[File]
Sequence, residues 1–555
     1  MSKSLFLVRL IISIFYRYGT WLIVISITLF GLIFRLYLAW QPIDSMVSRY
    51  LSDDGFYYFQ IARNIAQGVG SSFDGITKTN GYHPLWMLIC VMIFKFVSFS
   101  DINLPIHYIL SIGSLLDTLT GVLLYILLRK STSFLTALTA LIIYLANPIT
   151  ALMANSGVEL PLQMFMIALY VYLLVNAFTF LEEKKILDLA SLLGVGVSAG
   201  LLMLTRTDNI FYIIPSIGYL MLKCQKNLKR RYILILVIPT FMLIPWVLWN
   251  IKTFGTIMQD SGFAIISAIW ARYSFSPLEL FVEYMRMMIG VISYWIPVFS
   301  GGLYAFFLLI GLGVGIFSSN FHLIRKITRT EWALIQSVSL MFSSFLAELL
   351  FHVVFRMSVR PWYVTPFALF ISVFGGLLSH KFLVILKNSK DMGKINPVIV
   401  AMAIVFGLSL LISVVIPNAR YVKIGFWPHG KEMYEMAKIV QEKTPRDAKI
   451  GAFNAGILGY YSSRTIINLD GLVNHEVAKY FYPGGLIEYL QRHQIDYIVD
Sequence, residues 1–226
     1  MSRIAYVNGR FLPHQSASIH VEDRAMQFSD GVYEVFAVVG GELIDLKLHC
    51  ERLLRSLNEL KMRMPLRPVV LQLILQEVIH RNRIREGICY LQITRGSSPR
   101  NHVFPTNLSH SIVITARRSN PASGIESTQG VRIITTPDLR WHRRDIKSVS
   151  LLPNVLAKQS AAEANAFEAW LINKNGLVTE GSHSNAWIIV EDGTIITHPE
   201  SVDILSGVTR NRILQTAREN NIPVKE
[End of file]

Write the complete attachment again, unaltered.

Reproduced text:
Sequence, residues 1–555
     1  MSKSLFLVRL IISIFYRYGT WLIVISITLF GLIFRLYLAW QPIDSMVSRY
    51  LSDDGFYYFQ IARNIAQGVG SSFDGITKTN GYHPLWMLIC VMIFKFVSFS
   101  DINLPIHYIL SIGSLLDTLT GVLLYILLRK STSFLTALTA LIIYLANPIT
   151  ALMANSGVEL PLQMFMIALY VYLLVNAFTF LEEKKILDLA SLLGVGVSAG
   201  LLMLTRTDNI FYIIPSIGYL MLKCQKNLKR RYILILVIPT FMLIPWVLWN
   251  IKTFGTIMQD SGFAIISAIW ARYSFSPLEL FVEYMRMMIG VISYWIPVFS
   301  GGLYAFFLLI GLGVGIFSSN FHLIRKITRT EWALIQSVSL MFSSFLAELL
   351  FHVVFRMSVR PWYVTPFALF ISVFGGLLSH KFLVILKNSK DMGKINPVIV
   401  AMAIVFGLSL LISVVIPNAR YVKIGFWPHG KEMYEMAKIV QEKTPRDAKI
   451  GAFNAGILGY YSSRTIINLD GLVNHEVAKY FYPGGLIEYL QRHQIDYIVD
Sequence, residues 1–226
     1  MSRIAYVNGR FLPHQSASIH VEDRAMQFSD GVYEVFAVVG GELIDLKLHC
    51  ERLLRSLNEL KMRMPLRPVV LQLILQEVIH RNRIREGICY LQITRGSSPR
   101  NHVFPTNLSH SIVITARRSN PASGIESTQG VRIITTPDLR WHRRDIKSVS
   151  LLPNVLAKQS AAEANAFEAW LINKNGLVTE GSHSNAWIIV EDGTIITHPE
   201  SVDILSGVTR NRILQTAREN NIPVKE